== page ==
Counting circuits 22, 23, 24 may also be formed by a bistable multivibrator (common abbreviation BMV) as shown in FIG. 7. It contains transistors 15, 16, voltage dividers 17, 18 and a coupling capacitor 25. Each pulse at the input terminal a (opposite the ground terminal g) changes the bistable multivibrator from one electrically stable position to the other electrically stable position. Thus by connecting n bistable multivibrators in series, every number up to a maximum of n binary digits can be stored in known manner. The series connection is effected, for example, from the output terminal i of the rst bistable multivibrator BMV to the input terminal e of the following bistable multivibrator BMV; from this second bistable Imultivibrator BMV from the output terminal i' to the input terminal e of the third bistable multivibrator BMV and so on. The electrical state of the multivibrators BMV, BMV', BMV" indicates a nurnber in the binary system in known manner. l A combination of the counters 23 and 24 to form a forward and backward counter is a particular advantage. In this case, as explained above, the countingof the number of cycles S1 of the oscillator frequency f1 in the unstressed condition of the spring bar 1 is counted in the forward direction, that is to say with increasing counting values. For the counting of the number of cycles S2 of the oscillator freqency f2 in the stressed condition (by the force P) of the spring bar 1, the pulses are taken olf not at the output terminals i, z", z' but in a similar known manner at the output terminals h, h', h". As a result the counting value S1 first obtained is reduced by the new counting value S2. Thus the difference between the counting values S2 and S1 is stored in the form of the counting value S2-S1 in the counter. Reversing switch 12 is thus eliminated.
FIG. 8a shows as a graph the number of cyles S1, FIG. 8b the number of cycles S2 and FIG. 8c their difference S2 S1 which are obtained over equal time intervals t. This is intended to show how the magnitude of the force P acting on the spring bar 1 is derived from the difference between the number of oscillations S2 r S1 providing a digital result.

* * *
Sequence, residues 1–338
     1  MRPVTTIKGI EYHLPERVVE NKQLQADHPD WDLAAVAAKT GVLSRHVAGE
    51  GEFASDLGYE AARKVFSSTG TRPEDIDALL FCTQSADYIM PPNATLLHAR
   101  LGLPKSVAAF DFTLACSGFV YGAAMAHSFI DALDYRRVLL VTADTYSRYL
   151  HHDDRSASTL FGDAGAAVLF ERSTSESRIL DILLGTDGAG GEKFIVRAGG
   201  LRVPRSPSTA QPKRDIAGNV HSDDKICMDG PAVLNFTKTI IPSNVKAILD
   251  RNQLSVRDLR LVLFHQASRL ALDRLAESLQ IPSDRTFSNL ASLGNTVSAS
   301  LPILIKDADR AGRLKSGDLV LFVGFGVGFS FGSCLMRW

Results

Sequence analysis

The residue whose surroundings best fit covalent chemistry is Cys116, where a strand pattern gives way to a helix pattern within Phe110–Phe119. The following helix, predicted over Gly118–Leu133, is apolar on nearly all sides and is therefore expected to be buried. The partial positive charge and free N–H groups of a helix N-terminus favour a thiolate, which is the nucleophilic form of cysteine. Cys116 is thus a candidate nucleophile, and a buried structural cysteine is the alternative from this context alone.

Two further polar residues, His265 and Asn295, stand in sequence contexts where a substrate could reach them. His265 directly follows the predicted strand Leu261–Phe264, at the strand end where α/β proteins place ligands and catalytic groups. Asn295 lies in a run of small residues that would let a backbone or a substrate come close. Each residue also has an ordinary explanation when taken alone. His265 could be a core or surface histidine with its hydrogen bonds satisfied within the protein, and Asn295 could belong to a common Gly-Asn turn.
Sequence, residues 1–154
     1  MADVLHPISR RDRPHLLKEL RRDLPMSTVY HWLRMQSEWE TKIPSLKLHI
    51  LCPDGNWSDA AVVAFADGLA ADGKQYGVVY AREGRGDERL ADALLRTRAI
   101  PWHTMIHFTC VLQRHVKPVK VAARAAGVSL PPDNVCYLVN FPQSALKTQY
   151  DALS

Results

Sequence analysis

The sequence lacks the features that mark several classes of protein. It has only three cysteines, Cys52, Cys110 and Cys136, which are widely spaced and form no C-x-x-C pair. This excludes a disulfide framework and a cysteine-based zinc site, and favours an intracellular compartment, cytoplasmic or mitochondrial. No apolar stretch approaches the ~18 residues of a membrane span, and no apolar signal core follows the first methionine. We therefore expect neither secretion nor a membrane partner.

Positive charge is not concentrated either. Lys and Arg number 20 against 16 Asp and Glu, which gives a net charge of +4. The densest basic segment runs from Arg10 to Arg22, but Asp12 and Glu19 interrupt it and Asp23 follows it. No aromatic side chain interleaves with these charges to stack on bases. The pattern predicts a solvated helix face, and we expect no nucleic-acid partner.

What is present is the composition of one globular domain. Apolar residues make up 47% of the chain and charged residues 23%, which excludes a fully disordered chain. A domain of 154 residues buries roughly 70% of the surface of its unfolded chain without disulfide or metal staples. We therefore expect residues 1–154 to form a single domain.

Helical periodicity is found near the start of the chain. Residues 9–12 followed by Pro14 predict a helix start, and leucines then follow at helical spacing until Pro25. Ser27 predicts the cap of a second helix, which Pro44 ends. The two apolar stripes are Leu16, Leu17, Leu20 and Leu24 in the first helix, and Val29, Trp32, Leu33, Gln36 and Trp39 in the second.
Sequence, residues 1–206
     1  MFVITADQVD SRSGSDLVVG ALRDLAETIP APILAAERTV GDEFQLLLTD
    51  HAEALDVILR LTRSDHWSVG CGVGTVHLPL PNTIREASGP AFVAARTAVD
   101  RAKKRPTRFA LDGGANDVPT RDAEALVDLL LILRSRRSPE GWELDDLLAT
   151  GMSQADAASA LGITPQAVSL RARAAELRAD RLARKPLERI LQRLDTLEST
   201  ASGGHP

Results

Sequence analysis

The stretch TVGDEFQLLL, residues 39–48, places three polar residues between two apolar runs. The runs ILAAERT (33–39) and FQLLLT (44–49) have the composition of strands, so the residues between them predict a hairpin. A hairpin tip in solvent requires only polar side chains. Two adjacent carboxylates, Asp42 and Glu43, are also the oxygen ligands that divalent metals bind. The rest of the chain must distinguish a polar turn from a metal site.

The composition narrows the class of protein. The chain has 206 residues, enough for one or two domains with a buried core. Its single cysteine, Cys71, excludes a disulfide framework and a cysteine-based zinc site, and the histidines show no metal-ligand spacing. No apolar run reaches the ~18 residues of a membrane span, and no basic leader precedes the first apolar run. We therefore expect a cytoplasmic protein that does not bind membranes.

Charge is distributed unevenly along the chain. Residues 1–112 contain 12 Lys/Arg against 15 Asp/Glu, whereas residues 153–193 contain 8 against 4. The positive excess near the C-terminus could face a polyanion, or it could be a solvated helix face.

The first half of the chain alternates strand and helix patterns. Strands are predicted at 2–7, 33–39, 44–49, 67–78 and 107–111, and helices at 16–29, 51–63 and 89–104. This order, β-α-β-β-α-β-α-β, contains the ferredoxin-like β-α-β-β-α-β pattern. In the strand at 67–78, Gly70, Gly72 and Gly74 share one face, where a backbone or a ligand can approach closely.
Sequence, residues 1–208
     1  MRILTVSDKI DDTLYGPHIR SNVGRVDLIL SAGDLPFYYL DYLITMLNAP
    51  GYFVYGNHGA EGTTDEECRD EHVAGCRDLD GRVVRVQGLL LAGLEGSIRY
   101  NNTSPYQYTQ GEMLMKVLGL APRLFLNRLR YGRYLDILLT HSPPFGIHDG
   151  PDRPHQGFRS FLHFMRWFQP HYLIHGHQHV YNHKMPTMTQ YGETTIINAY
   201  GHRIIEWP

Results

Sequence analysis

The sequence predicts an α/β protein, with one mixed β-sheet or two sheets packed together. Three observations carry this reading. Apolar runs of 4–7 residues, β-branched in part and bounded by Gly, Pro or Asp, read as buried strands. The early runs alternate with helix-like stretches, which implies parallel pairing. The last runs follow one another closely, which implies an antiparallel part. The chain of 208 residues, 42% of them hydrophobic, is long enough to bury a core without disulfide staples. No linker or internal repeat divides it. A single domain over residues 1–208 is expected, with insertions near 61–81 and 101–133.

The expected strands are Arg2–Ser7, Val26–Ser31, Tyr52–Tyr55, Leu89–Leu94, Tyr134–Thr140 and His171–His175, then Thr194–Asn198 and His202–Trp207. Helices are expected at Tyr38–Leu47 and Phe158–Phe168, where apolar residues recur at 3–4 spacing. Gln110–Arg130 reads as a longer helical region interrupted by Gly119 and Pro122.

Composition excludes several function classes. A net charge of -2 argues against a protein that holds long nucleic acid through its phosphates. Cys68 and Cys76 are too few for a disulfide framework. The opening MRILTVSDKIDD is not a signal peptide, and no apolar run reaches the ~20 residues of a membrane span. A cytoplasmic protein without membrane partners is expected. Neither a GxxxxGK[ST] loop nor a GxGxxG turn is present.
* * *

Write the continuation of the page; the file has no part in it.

In the embodiment of the invention illustrated in FIG. 9, instead of varying the air gap AL, the deformation of the spring bar 1 varies the spacing Ac of the electrode of a capacitor 9 and so causes capacity variations. Accordingly, the inductance 3 in the oscillator 10 is constant but the capacitor 9 is variable.
FIG. 10 further represents a possible arrangement of an oscillator 10 wherein both the inductance of the coil 3 and the capacity of the capacitor 9 in the same oscillator 10 are influenced by the spring bar 1. Whereas in the arrangements shown in FIG. 1 and FIG. 9, the frequencies are substantially reciprocal to the air gap A1, and `to the electrode spacing Ac respectively, in an arrangement as shown in FIG. 10 there is precise proportionality between the variations in the oscillator frequency of the oscillator 10 and the variations in force of the force P.
Nevertheless, the arrangement shown in FIG. l0 should be designed in such a manner that the air gap A1, and the electrode spacing AC vary equally or at least in the same ratio as the deformation of the spring bar 1. These requirements are met is, with a specific force P, the air gap AL and the electrode spacing AC simultaneously becorne Zero.
As heretofore discussed, the variable oscillator 10 has been constructed in such a manner that either the coil 3 or the capacitor 9 or both have been employed to convert the change in shape of the spring bar 1 into variations in inductance and capacity respectively and hence into frequency changes. Particular advantages are obtained in producing frequency changes if two variable oscillators 20 and 36 are used, as shown in FIG. 11. Each oscillator comprises an inductance or capacity-element the inductance and capacity of which can be varied by the deformation. Both oscillators 20 and 36 may be constructed like the oscillator 10, and are provided respectively with variable inductance coils 3 and 5.
In this embodiment, the spring bar 1 is arranged between two rigid bars 2 and 8 so that the inductance of coil 3 increases and the inductance of the coil 5 decreases simultaneously. It follows from this that the frequency of the oscillator 2t) drops and the frequency of the oscillator 36 rises. The frequency difference is thus twice as great as with one oscillator alone. For the unstressed condition, the frequency f1 is obtained from the oscillator 20 and the frequency f1 from the oscillator 36 from which the number of cycles S1 (from the oscillator 20) and N1 (from the oscillator 36) result during the interval of time t1. For the case where the spring bar 1 is loaded by a force P, the oscillator Z0 has a frequency f2 and the oscillator 36 a frequency f2. Over the interval of time t2, which must be equal in length to t1, the numbers of cycles S2 and N2 are counted in a similar manner to S1 and N2. The differential value (S1-S2)*(N1-N2) represents the measure of the magnitude of the force P in this case.